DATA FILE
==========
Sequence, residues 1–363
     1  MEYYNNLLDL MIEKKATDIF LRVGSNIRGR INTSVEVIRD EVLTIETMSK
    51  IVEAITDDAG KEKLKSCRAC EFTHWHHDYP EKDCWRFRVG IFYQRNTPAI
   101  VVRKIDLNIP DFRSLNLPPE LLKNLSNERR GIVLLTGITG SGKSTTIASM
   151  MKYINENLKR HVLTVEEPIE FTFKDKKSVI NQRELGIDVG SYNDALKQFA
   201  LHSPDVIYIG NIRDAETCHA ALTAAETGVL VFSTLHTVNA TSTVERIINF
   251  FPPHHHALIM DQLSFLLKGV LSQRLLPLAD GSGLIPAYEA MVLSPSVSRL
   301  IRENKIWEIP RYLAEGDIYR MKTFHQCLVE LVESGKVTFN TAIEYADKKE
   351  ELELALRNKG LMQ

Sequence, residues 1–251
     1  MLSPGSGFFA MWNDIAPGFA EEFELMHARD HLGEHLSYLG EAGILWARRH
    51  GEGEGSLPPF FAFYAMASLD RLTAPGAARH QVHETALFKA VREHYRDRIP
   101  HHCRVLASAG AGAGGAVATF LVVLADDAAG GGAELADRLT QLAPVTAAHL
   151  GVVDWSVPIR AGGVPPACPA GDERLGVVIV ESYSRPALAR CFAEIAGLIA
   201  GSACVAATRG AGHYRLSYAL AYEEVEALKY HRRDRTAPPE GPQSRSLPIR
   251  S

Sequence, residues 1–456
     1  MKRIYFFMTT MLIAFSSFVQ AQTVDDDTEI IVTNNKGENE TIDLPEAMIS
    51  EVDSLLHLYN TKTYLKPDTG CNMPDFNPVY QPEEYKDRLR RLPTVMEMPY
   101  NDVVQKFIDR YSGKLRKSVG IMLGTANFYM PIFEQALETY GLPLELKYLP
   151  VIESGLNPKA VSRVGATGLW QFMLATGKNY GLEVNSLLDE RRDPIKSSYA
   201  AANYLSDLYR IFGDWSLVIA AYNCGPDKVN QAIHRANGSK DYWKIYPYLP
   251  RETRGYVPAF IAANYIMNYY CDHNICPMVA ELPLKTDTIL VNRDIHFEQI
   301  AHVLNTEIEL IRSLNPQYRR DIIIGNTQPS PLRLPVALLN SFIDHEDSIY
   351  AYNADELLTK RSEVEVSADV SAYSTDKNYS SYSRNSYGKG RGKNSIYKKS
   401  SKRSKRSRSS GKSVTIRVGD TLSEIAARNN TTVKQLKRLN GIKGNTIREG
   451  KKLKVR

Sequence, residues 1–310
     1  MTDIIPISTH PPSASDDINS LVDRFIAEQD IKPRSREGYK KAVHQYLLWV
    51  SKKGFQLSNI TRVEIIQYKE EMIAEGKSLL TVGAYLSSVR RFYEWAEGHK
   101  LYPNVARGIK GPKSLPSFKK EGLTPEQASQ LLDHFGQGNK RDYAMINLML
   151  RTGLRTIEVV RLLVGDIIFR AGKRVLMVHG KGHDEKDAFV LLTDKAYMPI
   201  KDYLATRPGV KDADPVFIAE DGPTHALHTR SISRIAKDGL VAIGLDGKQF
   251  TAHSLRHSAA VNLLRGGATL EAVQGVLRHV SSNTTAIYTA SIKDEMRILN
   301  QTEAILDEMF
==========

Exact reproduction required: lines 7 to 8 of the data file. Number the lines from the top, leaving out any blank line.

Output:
   251  FPPHHHALIM DQLSFLLKGV LSQRLLPLAD GSGLIPAYEA MVLSPSVSRL
   301  IRENKIWEIP RYLAEGDIYR MKTFHQCLVE LVESGKVTFN TAIEYADKKE